So here he stood, like a priest before an altar. Goosebumps raised on his arms as he gazed at the pale-skinned beauty with softly parted lips and enormous brown eyes, warm and alluring, staring out of the canvas as if taken by surprise. The swirling background of chocolate browns served to heighten the woman’s natural beauty. The piece was unfinished and yet utter perfection. Only an artist of great foresight would stop when he had, capturing the moment when a great artist discovers his muse. Huntley’s instincts had been correct. The model was Eulogy Foster, and the painting as divine as the woman it depicted.

Of course Chaucer was right; it made sound business sense to sign Farrell up to The Gallery before news of his work reached the ton. If the gallery manager was perplexed by the owner’s sudden indecision, he knew better than to mention it. As if it was fate intervening, there soon appeared a hastily scribbled note from Farrell, offering The Gallery first refusal of his future work. Huntley laughed aloud as he read. Even when fighting infatuation, he wasn’t such a fool as to decline an opportunity to make money. 

Eulogy’s Secret - a story of greed prejudice and a stolen identity.

In the four weeks since her guardians’ death, Eulogy Foster has lost everything. Penniless and alone she seeks the help of her estranged brother, Lord Lucien Devlin. But Devlin throws Eulogy onto the streets and the mercy of a passing stranger, Jack Huntley. As Eulogy seeks the truth behind her birth, she is drawn into the world of art and artists, where her morals are challenged and all is deception.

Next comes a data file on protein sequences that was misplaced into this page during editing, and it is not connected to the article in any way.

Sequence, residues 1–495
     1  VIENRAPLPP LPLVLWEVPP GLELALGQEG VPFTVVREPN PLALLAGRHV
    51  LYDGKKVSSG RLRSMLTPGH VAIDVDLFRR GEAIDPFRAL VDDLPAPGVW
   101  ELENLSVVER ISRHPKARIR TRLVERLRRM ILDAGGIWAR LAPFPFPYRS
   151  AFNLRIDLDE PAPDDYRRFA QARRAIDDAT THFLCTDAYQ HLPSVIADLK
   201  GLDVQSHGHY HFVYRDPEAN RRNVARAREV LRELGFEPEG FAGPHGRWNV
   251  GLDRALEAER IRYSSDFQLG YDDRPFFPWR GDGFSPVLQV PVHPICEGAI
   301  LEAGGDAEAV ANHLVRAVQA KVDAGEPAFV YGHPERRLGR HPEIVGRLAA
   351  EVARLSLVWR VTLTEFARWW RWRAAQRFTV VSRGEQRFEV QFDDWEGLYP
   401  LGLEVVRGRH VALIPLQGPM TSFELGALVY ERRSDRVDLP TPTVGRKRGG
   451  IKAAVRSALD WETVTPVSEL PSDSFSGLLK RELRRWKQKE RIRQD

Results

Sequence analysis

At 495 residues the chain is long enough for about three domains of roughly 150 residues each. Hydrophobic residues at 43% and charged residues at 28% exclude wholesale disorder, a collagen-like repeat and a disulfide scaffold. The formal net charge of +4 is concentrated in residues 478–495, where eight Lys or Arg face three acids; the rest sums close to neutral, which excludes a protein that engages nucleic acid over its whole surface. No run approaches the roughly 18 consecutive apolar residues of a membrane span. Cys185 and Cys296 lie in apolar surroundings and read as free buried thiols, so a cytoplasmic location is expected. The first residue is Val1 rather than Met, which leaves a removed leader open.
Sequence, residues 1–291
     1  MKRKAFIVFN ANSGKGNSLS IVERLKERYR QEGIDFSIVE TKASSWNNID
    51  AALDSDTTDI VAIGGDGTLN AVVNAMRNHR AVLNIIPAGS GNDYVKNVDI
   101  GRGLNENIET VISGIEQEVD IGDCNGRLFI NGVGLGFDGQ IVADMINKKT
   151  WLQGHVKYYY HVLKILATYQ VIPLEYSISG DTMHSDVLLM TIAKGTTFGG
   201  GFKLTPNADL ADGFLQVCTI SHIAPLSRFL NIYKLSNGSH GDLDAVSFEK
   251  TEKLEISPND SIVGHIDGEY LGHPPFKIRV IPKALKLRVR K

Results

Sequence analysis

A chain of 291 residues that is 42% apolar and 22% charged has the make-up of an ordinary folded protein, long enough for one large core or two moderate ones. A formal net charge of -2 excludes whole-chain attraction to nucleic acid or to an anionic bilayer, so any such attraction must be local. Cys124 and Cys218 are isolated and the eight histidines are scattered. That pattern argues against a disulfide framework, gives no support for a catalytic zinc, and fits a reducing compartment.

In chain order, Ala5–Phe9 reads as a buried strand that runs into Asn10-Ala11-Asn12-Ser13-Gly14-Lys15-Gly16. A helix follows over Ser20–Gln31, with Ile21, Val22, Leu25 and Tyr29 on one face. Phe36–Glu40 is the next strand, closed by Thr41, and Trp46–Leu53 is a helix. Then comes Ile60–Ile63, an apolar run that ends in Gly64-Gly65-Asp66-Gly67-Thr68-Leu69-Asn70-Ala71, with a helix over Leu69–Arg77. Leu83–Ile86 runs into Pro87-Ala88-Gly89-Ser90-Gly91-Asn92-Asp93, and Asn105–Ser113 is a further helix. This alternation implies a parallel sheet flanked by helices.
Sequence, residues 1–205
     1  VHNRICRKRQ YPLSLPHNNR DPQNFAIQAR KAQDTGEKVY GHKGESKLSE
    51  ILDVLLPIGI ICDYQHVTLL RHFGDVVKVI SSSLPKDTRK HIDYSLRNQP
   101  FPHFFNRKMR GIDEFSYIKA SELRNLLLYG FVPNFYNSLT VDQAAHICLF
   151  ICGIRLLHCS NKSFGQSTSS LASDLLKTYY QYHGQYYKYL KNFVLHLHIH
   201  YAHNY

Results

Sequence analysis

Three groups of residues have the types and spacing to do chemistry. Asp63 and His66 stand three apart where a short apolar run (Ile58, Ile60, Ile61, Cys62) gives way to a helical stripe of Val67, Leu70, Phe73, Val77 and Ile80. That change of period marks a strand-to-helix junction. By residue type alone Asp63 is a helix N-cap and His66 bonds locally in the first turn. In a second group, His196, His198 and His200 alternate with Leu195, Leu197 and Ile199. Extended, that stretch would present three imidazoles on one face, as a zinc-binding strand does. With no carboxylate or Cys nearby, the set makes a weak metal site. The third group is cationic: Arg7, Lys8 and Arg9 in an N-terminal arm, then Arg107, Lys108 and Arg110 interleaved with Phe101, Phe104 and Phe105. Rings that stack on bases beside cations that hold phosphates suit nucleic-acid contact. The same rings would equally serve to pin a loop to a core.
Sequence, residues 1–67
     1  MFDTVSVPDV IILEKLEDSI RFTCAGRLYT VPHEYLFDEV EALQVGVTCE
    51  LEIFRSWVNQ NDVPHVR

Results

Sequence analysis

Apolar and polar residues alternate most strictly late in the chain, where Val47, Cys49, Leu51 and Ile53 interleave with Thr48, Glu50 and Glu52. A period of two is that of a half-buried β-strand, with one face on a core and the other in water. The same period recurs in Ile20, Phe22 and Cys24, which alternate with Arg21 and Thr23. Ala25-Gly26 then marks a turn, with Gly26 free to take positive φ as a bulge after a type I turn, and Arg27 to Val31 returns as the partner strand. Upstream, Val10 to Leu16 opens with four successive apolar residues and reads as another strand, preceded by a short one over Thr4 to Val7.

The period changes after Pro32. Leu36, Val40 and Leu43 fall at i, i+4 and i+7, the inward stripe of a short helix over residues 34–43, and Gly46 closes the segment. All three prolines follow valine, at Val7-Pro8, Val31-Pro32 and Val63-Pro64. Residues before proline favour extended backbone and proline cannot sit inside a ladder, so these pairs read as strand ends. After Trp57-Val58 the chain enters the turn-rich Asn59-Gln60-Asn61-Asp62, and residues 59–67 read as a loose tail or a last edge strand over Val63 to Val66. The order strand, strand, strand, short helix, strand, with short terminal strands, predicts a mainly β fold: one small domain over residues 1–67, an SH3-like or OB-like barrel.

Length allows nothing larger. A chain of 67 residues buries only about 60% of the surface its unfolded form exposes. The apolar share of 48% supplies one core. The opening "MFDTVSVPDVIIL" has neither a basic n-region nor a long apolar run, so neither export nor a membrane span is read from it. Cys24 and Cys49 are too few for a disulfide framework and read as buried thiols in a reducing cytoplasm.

Jack Huntley: bitter, cynical and betrayed in love. He believes women are devious, scheming, untrustworthy creatures - and when he rescues a naïve Miss from being raped, his life is about to change forever. As his attraction to Eulogy grows, caught in a deadlock with both denying their true feelings, events take a sinister turn as someone seeks to silence Eulogy….forever.



Amazon US

Amazon UK.


  1. The excerpt is certainly intriguing....
    Last book...probably GABRIEL'S INFERNO. Something about it. After that it would be THE POT THIEF mysteries that I recently discovered. There are so many great reads out there & such limited time!

  2. BTW, I loved Margaret George's book too! It was amazing. Have you ever read Coleen McCullough's First Man in Rome series? Particular favorite of mine. I'm partial to that historical period, all history really but especially then.

  3. What a beautiful cover. Your book sounds wonderful. I had to smile when I read your post, as I helped Margaret George promote Elizabeth I this year. I loved that book.

    As for a book I can't stop talking about, it's A Christmas Journey Home by Kathi Macias. She's also one of my clients. This book is a modern nativity story that tackles the tough issue of immigration.

    Thanks for the chance to win.


  4. Firstly, a big thank you to Calum for hosting me - it's much appreciated.
    Ivy - In theory I should love "The first man in Rome"but I totally failed to get into it. Perhaps I should give it a try...and thanks for the recommendations.
    Cheryl - wow! Fancy having contact with Ms George - I am in awe! If you havent read her earlier books you are in for a treat.
    Grace x

  5. I agree. I have raved about the Hunger Games series since the first book. The last series I loved so much was Scott Westerfield's Uglies series. Strong young protagonists who have their eyes opened about their worlds and do something to try to change things. I think I'm a sucker for books where the protagonist try (and succeed) changing the rules of the game.

  6. Sounds like a great book. Please include me in your giveaway.


Note: only a member of this blog may post a comment.